“Why, beloved, seeing that you look for such things, be diligent that you may be found of him in peace, without spot, and blameless.” 2 Peter 3:14
IS not the anticipation of the coming glory most sanctifying? Ought it not to have so powerful an influence upon our minds, as to lessen the value of the things that are seen and temporal, and enhance the value of those which are unseen and eternal? We are at present in a state of nonage—children under tutors and governors. But before long we shall attain our full age, and shall be put in possession of our inheritance. And because we are children, we are apt to think as children, and speak as children, and act as children—magnifying things that are really small, while diminishing those that are really great. Oh, how little, mean, and despicable will by and by appear the things that now awaken so much thought, and create so much interest! Present sorrows and joys, hopes and disappointments, gains and losses—will all have passed away, leaving not a ripple upon the ocean they once agitated, nor a footprint upon the sands they once traversed.
Why, then, allow our white garments to trail upon the earth? If glory is before us, and so near, why so slow in our advance to meet it? Why so little of its present possession in our souls? Why do we allow the “Bright and Morning Star” to sink so often below the horizon of our faith? Why, my soul, so slow to arrive at heaven, with heaven so full in view? Oh, to press our pillow at night, composed to slumber with this sweet reflection—”Lord, if I open my eyes no more upon the rising sun, I shall open them upon that risen Sun that never sets—awaking in Your likeness.” Oh, to be looking for, and hastening unto, the coming of the Lord; that blessed hope, that glorious epiphany of the Church, which shall complete, perfect, and consummate the glorification of the saints!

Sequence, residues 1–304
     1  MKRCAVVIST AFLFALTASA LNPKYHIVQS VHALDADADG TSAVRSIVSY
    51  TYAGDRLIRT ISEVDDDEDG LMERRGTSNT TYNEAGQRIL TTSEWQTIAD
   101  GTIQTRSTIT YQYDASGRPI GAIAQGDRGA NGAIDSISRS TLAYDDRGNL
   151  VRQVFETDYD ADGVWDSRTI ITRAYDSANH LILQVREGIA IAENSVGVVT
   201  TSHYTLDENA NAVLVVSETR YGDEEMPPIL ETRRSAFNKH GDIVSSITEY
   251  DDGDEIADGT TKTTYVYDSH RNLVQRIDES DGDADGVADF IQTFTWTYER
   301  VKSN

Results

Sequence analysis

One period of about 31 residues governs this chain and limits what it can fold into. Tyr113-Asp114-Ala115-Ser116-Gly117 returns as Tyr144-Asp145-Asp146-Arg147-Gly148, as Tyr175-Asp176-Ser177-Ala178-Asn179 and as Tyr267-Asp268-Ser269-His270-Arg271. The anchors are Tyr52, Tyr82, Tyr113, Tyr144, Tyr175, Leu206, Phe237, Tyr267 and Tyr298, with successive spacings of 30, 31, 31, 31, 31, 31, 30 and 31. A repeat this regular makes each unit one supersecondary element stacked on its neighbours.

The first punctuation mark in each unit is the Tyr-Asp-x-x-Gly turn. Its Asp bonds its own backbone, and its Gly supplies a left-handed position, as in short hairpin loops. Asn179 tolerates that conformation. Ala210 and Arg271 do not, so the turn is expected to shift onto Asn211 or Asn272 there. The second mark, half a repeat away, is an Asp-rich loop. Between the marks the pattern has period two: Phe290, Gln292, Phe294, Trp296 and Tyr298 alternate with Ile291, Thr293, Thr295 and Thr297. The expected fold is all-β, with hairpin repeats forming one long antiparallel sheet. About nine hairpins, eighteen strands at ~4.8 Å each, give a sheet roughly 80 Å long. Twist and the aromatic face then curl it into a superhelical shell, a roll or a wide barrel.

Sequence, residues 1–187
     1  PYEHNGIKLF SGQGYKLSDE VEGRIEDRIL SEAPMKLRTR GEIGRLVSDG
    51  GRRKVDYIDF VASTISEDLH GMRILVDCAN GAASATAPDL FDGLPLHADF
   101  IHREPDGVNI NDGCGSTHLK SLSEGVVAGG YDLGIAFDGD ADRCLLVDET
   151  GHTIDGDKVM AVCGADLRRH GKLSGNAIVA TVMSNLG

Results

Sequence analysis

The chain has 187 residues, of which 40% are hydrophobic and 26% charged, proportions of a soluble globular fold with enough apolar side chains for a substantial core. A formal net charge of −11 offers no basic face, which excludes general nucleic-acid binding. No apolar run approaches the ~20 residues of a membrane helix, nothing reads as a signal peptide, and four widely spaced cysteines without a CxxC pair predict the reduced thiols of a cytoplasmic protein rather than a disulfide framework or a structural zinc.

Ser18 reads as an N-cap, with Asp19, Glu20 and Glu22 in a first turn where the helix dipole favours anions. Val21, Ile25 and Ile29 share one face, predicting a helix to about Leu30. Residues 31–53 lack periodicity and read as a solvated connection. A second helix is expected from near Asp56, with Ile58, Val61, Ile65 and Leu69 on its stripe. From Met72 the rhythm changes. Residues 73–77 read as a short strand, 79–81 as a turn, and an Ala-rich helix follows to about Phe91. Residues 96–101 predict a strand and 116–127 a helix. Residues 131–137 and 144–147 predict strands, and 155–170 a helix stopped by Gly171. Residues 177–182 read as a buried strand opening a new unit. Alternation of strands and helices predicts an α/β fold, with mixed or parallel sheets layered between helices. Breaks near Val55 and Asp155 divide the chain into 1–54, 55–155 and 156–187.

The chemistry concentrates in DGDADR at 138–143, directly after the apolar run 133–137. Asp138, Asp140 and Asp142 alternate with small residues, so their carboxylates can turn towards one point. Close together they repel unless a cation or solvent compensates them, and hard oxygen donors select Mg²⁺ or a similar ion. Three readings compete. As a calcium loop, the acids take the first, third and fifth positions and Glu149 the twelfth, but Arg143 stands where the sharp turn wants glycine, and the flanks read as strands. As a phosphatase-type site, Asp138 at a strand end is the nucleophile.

How should the prospect of certain glory stimulate us to individual exertion for Christ! What a motive to labor! With a whole eternity of rest in prospect, how little should we think of present toil and fatigue for the Savior! Shall we, then, be indolent in our Master’s cause? Shall we in selfishness wrap our graces as a mantle around us, and indolently bury our talents in the earth? Shall we withhold our property from the Lord, complaining that the calls of Christian benevolence are so many, the demands so pressing, and the objects so numerous? Oh, no! It cannot, it must not be. Let us live for Christ—labor for Christ—suffer for Christ—and, if needs be, die for Christ—since we shall, before long and forever, be glorified with Christ. And who can paint that glory?